It’s time to spec the counters and flooring.
You’ve got a library of materials in every color, texture and variety and the client says, “Oh, no marble. I hear marble stains.” Or “Soapstone? Doesn’t that scratch?”
You sigh and get out the quartz samples.
It’s hard to move beyond conventional choices when clients aren’t educated on the performance of materials.
Home kitchen of Pam Sessions, designer at Hedgewood Homes featuring Pearl Grey American marble.
The choice between natural stone and engineered surfaces isn’t as simple as marble vs quartz.(Or questions like, “Do you cook with red sauce?”) Natural stone and engineered surfaces like quartz countertops each have their own varieties, color schemes and benefits.
Soapstone, for instance, is actually a great bathroom material, for vanity tops, flooring, and inside the shower. It’s naturally slip resistant, and, it conducts heat well, which means it feels warmer underfoot and to the touch than granite or marble, making it a perfect pairing for radiant heat.
Granite which has a reputation for being high polished and 90s-speckled actually comes in a deep black that can take a antiqued finish for touchable leather-like texture and look.
And, marble… poor misunderstood marble. The luxurious natural stone has been dubbed the countertop of the for-looks-only kitchens, leaving out families and foodies who need a workhorse island that grows with them. Truth is, properly sealed and cleaned, marble is a highly durable countertop material. Especially American marbles, which are more dense and less susceptible to staining than italian marbles.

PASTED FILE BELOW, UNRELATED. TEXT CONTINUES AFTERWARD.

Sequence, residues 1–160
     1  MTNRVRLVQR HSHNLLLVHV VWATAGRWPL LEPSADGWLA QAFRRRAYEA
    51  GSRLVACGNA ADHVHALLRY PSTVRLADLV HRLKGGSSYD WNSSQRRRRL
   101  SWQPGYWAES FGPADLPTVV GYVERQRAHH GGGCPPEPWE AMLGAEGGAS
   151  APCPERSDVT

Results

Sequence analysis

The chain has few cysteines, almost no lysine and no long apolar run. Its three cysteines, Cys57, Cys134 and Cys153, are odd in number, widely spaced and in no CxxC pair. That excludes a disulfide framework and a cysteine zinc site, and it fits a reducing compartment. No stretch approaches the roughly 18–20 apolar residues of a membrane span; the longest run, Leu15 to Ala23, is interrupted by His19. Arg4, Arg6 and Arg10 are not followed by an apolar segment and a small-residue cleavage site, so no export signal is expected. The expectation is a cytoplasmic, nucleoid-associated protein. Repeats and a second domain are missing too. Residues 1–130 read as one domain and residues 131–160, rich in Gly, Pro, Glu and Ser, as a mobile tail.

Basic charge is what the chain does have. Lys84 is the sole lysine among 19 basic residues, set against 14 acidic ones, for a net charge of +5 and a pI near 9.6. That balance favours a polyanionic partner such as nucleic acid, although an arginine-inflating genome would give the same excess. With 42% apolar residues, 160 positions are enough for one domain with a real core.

“Homeowners believe, whether they’ve been told by contractors or distributors or HGTV, that quartz is far less maintenance and can handle heat better than marble, so they gravitate to quartz,” said architect Scott Nicholl of Nicholl Field Design in New Jersey. “Obviously marble wears over time, but architecturally that’s why we like marble.”
Limestone, that material you see on columns and fountains is actually available for interior applications. It’s true that the majority of limestone is too absorbent for countertops, but dolomitic limestones found in North America are more dense and actually function like a marble. (Here’s a dark and moody marble-like limestonefrom Quebec. Click here for a creamy, dreamy light grey limestone from Oklahoma.)
Quartz too is a bit misunderstood. Though highly durable for high use countertops, it isn’t indestructible. Quartz is a resin based product and all resin based products can warp and are more heat sensitive than natural stone making them prone to fading, warping and even cracking in heat and direct sunlight. That means no sunny kitchens and no outdoor installs. Click here for more on quartz vs marble.